'MAD' Founder and Noted Comics Artist John Severin Passes Away at 90
The legendary illustrator helped found MAD and CRACKED and drew "The Incredible Hulk", "Sub-Mariner" and "Conan."
Esteemed comics artist John Severin, whose sixty-year career included gritty war comics, humor magazines like MAD and CRACKED and superhero titles like The Incredible Hulk and Sub-Mariner, passed away on Feb. 12 at age 90, according to a statement released by his family.
Stan Lee, Severin's former boss at Marvel Comics. praised his friend in the statement.
“The minute you looked at his artwork you knew you were looking at a John Severin illustration; it could be no one else. Besides his inimitable style, there was a feeling of total authenticity to whatever he drew, whether it was a Western, a crime story, a superhero saga or a science fiction yarn. … One of my greatest regrets, as an editor, was the fact that John was so busy doing other things that I couldn’t give him as many assignments as I would have wished."
Severin got his first professional gig in 1932, at age 10 when Hobo News purchased some of his drawings. He later attended New York City’s High School of Music and Art, where his classmates included future comics legends Harvey Kurtzman, Will Elder, Al Jaffee and Al Feldstein.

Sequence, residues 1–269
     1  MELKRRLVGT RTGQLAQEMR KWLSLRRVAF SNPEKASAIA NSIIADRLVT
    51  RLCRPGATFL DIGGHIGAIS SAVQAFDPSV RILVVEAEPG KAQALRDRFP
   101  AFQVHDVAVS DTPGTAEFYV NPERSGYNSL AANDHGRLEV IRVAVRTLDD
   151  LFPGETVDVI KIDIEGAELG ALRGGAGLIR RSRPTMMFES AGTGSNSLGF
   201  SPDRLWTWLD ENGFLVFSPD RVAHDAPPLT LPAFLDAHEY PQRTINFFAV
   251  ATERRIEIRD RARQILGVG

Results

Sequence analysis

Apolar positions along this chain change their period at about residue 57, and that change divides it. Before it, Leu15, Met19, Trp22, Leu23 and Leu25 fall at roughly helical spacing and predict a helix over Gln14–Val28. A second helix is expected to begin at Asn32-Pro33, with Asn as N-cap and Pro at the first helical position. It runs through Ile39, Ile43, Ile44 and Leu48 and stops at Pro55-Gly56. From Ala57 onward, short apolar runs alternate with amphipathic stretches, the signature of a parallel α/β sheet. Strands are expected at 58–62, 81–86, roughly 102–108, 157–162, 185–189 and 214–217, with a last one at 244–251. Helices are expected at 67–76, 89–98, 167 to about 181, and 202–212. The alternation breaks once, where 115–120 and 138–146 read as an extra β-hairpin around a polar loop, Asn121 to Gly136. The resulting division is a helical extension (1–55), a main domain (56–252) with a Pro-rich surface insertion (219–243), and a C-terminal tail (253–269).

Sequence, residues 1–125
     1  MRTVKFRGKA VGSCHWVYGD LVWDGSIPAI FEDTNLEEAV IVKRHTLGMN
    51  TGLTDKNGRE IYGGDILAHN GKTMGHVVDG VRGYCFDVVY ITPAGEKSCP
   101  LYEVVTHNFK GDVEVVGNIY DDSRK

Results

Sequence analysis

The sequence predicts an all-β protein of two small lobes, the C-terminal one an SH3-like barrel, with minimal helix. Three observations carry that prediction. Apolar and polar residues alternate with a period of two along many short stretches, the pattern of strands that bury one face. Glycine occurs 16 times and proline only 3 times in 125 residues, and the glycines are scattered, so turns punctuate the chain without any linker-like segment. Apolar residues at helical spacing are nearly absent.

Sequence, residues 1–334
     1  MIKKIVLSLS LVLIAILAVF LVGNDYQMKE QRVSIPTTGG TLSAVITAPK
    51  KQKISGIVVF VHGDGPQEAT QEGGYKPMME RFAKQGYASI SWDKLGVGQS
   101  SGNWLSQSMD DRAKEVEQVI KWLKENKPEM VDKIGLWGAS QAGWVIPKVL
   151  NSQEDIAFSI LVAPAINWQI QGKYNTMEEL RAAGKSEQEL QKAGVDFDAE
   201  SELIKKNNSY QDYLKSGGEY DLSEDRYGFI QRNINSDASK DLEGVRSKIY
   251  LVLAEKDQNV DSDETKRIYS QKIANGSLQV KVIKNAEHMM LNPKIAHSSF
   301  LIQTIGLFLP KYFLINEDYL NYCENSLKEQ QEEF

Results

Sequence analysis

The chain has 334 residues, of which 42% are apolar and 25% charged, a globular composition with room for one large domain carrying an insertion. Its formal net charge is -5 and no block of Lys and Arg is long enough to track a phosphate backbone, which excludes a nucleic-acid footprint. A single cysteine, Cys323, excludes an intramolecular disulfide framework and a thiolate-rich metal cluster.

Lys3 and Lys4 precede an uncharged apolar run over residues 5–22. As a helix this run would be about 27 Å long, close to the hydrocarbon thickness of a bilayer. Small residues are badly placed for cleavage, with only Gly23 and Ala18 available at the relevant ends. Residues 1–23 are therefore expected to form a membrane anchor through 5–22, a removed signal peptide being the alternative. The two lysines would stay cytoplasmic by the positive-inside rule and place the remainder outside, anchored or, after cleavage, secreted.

After World War II, Severin became widely known for his work illustrating war comics and MAD magazine at EC Comics. He illustrated such popular titles as Two-Fisted Tales and Frontline Combat. In 1952, he was part of the original group of five artists who launched MAD magazine under Harvey Kurtzman and William Gaines.
After EC cancelled its comic books in the mid-1950s in response to the public outcry over delinquency started by Fredrick Wertheim over the their content, Severin went to work for Marvel Comics forerunner Atlas Comics. His work at Marvel included illustrations for titles ranging from The Incredible Hulk and Sub-Mariner to the popular war anthology The Nam. He continued drawing comics into his eighties, including work on The Punisher, Conan, and the controversial 2003 Rawhide Kid mini-series that re-imagined the Western hero as a gay gunslinger. He also helped launch MAD-competitor CRACKED in 1958. He drew for the magazine for 45 years.
Severin was born in Jersey City, New Jersey. After he graduated from the High School of Music and Art in 1940, he enlisted in the Army, serving in the Pacific in World War II. He is survived by his wife of 60 years, Michelina, 6 children, 13 grandchildren, 8 great grandchildren, and a step great granddaughter. In addition, he is survived by his sister Marie Severin, who is also a well-known comic illustrator and cartoonist.
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